The Danish Girl
The Danish Girl lacks an immediacy and vibrancy, as well as a genuine sense of emotional connection.
Eric Rohmer's "My Night at Maud's" is about love, being a Roman Catholic, body language and the games people play. It is just about the best movie I've seen on all four subjects. It is also, a refreshingly intelligent movie: not that it's ideological or academic (far from it) but that it is thoughtful, and reveals a deep knowledge of human nature. Please don't see it on a night when you simply want to flick out: Wait until you're in a fairly together state and will be about to talk about it afterward. It deserves that attention and rewards it.
Jean-Louis Trintignant (who played the prosecutor in "Z" and the man in "A Man and a Woman") is perfectly believable as a 34-year-old devout Catholic who is lonely and sensitive and would rather be married than single. He takes the church's teachings on courtship and marriage quite seriously and is articulate in defending them against his dissenting friends. He's held jobs overseas for several years, but when we meet him, he is employed by Michelin in a French provincial capital, and is in love at a distance with a blond girl he's never met: He sees her in church on Sundays and occasionally sees her guiding her motorcycle through the streets.
One day he runs into an old friend who takes him to the home of his fiancé, Maud. Maud is a divorcee who dates the old friend but won't marry him. She likes Jean-Louis and asks him to stay when the friend must leave.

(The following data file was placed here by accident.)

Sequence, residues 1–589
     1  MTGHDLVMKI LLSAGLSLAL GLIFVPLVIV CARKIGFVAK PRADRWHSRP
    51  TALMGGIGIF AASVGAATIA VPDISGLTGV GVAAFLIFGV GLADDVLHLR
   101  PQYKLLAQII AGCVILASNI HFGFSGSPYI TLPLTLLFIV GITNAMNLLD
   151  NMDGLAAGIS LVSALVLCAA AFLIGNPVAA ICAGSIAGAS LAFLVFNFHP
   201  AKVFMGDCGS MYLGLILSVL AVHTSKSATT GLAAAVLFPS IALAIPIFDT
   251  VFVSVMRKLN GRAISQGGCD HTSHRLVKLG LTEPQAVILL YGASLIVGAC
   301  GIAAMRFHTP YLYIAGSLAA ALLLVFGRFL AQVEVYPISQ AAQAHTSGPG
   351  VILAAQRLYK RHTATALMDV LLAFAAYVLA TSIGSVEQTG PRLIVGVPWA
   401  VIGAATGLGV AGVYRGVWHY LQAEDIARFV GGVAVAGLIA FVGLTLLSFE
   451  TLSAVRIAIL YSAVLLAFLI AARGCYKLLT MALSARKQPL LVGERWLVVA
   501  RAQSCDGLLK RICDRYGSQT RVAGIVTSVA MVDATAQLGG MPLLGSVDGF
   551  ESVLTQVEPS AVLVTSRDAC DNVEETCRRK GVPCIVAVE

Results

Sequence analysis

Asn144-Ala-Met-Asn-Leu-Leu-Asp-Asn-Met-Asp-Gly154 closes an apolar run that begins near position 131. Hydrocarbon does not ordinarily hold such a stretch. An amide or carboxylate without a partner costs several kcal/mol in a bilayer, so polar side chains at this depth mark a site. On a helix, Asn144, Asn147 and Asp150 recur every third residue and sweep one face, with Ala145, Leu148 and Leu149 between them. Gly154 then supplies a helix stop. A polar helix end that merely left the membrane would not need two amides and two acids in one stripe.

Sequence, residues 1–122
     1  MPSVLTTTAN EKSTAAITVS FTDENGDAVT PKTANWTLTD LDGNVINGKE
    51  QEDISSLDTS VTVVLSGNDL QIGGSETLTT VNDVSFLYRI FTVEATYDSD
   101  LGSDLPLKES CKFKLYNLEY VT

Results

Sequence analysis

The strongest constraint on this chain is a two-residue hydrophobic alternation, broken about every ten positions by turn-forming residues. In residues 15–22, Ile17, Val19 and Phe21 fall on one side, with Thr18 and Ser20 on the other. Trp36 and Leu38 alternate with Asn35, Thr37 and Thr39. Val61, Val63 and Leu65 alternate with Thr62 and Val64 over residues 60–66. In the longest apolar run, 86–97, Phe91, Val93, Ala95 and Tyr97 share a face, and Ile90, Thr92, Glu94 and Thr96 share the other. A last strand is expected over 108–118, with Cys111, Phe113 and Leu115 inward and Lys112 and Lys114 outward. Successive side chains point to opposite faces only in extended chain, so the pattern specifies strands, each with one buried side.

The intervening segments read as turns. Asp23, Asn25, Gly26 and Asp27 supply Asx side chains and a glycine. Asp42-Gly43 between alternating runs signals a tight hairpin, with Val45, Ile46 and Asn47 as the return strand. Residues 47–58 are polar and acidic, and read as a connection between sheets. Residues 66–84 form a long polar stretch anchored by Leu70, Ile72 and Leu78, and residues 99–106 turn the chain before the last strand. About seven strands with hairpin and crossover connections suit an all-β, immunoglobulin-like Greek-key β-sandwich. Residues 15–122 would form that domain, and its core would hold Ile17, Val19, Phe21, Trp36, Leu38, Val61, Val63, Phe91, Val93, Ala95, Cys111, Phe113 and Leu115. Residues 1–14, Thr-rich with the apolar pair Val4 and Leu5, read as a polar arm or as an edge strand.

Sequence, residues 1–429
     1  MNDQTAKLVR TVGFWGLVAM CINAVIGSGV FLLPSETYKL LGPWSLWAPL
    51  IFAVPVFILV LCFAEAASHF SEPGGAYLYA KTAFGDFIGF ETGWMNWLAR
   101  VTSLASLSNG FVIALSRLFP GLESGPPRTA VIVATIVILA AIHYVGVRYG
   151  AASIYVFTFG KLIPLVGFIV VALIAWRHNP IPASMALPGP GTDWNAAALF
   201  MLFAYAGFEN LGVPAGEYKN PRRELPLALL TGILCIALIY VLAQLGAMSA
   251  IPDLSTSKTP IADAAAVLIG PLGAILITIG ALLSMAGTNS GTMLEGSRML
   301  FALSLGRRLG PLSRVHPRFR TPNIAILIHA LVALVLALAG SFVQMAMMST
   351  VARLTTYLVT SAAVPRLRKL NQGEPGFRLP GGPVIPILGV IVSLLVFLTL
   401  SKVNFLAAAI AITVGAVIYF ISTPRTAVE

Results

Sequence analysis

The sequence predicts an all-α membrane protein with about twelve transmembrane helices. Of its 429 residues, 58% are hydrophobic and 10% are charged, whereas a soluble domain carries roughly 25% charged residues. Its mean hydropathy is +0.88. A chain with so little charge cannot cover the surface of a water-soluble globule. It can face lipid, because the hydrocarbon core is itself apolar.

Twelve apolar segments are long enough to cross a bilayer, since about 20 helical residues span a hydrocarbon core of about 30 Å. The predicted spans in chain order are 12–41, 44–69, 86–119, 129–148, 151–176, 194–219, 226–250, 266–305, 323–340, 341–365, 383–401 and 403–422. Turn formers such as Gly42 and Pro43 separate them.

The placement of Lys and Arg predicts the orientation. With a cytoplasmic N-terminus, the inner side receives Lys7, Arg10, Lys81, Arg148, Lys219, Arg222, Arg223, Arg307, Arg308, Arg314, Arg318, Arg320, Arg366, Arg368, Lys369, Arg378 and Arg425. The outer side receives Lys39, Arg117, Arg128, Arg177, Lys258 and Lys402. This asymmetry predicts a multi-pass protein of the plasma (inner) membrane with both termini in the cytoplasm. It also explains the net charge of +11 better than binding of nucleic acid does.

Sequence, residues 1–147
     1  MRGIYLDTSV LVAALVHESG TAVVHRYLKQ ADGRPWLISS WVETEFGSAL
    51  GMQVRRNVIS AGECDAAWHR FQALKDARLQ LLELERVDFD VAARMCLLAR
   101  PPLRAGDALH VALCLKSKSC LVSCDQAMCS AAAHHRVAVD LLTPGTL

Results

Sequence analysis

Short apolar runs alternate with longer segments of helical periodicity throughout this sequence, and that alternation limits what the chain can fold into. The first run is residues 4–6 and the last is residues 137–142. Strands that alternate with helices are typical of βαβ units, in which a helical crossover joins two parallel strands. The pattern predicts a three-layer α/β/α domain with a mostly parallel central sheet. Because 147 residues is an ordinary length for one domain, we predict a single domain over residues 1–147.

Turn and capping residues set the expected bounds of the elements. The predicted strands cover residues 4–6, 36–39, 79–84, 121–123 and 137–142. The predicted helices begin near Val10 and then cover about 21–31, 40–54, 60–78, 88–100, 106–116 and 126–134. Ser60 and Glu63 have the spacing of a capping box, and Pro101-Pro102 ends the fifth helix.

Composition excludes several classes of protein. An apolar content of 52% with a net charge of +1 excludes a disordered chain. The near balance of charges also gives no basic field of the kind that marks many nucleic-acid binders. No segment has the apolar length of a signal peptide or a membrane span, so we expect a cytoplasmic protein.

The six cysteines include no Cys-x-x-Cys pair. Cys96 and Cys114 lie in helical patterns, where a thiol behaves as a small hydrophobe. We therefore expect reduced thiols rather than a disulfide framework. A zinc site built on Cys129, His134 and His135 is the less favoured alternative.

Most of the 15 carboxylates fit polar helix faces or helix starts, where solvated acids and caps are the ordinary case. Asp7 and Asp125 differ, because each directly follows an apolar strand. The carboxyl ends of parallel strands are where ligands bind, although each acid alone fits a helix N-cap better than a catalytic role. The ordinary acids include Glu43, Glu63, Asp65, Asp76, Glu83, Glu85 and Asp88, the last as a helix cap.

And then follows one of the most marvelously observed scenes of human behavior I can remember in a film. The two people talk nearly all night. Maud is in her nightgown and sits in bed propped up against her pillows. Jean-Louis sits in one chair or another, or walks around the room. They talk about sex, love, marriage and divorce. The conversation moves from flippancy to intimacy, and then has a way of drawing back from too much truth-telling.
The choreography of the scene perfectly reflects its content. Occasionally, Jean-Louis sits on the edge of the bed. Once he even leans toward her, to share a confidence. But then he retreats. She asks for a cigarette at one time, a drink of water at another. These are ploys to lure him closer, and he has his own. But there are times, when she signals that he's violating her personal space, or territorial imperative, or whatever it's called. And he reads the signals and moves away, apparently by chance.
To write about this long, magnificent scene is inadequate; it must be seen. It is a triumph of direction, certainly. But because Rohmer lets his camera go for long takes, the actors are floating free of his pre-shot instructions and can actually be seen to relate to each other personally. The scene is terribly subtle, but anyone who has ever tried to read someone else's mind through his behavior and movements (and that includes you and me, certainly), will be fascinated by it.
The rest of the film springs from this scene, expanding it and commenting on it, and there is a quietly revealing ending that takes place five years later and makes certain things clear about the various relationships. "My Night at Maud's" was the hit of the 1969 New York Film Festival, and that is not surprising. It is so good to see a movie where the characters have beliefs, and articulate them, and talk to each other (instead of at each other). It is so good, in fact, that you realize how hungry you've been for this sort of thing.
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